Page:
Last week I posted a video arguing that, again, U.S. stocks were the only game in town with both the Chinese and European Union economies sputtering.
The market action today, September 5, showed, however, that even if the U.S. economy is leading the world with solid if not spectacular growth, U.S. stocks will still feel the pain of bad news from the world’s two other big economies.
Today U.S. stock indexes fell on new data from China showing continuing weakness in that economy and indicated that a turnaround is still a way down the road.
Which news took emerging market currencies and stocks down around the world. The Morgan Stanley index of developing currencies fell 0.5%, as currencies dropped with China’s yuan. The iShares MSCI Emerging Markets ETF (EEM), retreated 0.81% on the day.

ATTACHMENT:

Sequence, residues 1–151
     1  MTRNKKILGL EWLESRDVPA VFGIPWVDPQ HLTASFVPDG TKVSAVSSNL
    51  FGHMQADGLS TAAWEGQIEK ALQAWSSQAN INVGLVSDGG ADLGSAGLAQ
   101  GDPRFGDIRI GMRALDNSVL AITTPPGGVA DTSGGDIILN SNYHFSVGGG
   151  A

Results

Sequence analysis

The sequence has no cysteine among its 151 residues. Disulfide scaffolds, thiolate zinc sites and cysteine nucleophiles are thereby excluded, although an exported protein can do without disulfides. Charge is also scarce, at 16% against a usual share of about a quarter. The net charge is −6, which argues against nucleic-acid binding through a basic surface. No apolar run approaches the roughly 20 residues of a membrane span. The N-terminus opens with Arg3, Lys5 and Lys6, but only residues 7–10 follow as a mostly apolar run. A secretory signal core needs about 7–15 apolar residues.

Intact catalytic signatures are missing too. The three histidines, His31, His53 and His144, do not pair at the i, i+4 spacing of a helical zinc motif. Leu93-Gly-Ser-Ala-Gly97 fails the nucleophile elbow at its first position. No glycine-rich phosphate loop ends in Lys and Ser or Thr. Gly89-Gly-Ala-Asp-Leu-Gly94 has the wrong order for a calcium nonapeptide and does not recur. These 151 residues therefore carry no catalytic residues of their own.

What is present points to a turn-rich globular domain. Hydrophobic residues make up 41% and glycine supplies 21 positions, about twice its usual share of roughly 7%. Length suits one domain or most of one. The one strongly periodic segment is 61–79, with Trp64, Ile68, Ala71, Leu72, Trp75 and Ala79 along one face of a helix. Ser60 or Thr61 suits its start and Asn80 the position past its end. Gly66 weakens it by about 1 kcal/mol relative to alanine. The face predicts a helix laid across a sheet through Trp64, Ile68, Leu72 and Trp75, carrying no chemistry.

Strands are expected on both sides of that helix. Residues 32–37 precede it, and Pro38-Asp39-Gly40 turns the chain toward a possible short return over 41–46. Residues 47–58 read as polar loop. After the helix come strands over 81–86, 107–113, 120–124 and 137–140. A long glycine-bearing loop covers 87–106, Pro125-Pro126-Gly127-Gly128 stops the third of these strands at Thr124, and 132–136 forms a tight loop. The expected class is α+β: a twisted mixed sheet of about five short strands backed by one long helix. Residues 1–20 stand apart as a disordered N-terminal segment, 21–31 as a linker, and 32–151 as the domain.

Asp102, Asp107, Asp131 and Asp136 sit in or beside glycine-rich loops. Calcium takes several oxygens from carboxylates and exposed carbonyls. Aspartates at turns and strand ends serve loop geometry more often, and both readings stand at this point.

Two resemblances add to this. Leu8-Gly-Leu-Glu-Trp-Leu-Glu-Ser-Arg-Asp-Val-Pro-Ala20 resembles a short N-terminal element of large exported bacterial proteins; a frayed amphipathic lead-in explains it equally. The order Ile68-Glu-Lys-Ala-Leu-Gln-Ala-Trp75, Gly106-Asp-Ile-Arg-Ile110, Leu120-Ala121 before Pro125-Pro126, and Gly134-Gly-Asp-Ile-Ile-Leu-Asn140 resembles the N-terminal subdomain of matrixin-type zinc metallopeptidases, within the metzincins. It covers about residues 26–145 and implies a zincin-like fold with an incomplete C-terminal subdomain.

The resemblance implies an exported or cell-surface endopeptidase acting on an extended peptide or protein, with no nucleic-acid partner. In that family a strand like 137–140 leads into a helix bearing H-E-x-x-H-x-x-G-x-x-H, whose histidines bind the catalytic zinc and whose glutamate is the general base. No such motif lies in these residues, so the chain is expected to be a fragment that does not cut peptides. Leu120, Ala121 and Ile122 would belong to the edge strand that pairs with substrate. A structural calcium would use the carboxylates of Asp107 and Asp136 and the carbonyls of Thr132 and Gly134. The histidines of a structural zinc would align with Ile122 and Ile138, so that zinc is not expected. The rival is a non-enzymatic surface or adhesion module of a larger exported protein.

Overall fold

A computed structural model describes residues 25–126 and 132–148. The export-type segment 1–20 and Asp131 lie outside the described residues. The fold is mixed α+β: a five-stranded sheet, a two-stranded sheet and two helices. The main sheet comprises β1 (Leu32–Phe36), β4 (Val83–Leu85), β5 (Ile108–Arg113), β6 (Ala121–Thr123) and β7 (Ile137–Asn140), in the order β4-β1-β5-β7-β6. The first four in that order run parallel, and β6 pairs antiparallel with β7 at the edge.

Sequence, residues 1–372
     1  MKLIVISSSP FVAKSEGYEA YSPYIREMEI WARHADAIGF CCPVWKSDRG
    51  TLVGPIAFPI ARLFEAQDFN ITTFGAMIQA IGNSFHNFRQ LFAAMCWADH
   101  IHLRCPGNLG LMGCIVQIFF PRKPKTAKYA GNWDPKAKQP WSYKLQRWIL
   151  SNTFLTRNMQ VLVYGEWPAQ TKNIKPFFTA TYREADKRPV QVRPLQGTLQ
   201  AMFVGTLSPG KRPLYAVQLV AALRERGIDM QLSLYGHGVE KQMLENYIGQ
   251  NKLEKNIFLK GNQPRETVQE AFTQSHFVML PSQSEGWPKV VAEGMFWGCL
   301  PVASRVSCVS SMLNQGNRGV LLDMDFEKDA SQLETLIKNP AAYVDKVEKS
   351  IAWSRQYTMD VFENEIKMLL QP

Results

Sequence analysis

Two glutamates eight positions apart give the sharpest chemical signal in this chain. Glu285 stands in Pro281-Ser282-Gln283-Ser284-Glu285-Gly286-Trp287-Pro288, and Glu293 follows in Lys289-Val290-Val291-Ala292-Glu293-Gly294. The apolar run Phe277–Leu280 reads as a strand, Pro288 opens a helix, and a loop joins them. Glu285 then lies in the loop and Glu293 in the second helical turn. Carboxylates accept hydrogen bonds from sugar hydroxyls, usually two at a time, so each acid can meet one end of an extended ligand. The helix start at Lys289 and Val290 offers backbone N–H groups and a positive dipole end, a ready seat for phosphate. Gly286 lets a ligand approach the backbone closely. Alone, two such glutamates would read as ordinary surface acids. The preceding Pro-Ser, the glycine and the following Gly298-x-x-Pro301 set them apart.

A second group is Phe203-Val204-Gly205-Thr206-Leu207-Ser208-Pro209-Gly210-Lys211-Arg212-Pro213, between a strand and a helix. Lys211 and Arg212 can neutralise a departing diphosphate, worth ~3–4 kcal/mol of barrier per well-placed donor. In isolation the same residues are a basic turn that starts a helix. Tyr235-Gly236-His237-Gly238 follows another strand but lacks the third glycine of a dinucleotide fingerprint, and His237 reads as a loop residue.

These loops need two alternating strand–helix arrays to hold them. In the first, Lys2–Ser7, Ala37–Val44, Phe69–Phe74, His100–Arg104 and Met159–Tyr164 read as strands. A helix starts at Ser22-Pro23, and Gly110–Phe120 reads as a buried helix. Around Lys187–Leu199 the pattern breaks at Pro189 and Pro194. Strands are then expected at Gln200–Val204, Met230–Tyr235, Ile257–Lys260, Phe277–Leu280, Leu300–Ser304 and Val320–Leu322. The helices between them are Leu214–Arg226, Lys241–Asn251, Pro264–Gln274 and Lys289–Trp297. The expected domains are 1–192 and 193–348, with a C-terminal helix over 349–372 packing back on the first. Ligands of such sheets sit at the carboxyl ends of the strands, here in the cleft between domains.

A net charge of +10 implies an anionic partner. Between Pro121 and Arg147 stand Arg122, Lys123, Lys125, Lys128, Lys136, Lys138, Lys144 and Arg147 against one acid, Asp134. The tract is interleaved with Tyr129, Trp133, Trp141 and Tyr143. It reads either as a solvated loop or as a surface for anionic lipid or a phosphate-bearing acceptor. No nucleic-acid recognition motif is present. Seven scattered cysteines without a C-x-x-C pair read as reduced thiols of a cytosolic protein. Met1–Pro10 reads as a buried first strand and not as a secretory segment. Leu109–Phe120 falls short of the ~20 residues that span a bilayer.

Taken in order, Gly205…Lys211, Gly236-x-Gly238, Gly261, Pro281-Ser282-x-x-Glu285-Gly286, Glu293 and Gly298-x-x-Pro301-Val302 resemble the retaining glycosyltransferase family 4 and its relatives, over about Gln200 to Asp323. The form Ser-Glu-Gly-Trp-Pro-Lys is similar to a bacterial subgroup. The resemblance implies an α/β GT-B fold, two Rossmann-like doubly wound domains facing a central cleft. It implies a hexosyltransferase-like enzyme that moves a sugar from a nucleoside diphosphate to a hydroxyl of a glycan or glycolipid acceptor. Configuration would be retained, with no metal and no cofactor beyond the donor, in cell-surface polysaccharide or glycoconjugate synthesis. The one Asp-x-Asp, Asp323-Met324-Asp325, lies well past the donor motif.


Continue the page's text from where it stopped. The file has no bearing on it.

The specific bad news from China was a private purchasing managers survey for the service sector that showed activity expanded in August at the slowest pace this year. The good news, such as it was, had Chinese property developer Country Garden Holdings Co. making coupon payments on two dollar bonds within grace periods, avoiding its first default.
Yes, things are that stressed in China’s real estate sector that a developer avoiding default is good news.
Wall Street stocks inched down on Tuesday with the Standard & Poor’s 500 index down about 0.4%, and the Dow Jones Industrial Average off around 0.6%. The tech-heavy Nasdaq Composite was at close to zero on the day.
Meanwhile, WTI crude oil ended the day at nearly $87 a barrel, its highest close since November 2022, on news of supply cuts from Saudi Arabia and Russia. Oil prices are now up almost 25% from June even as forecasts point to a global growth slump.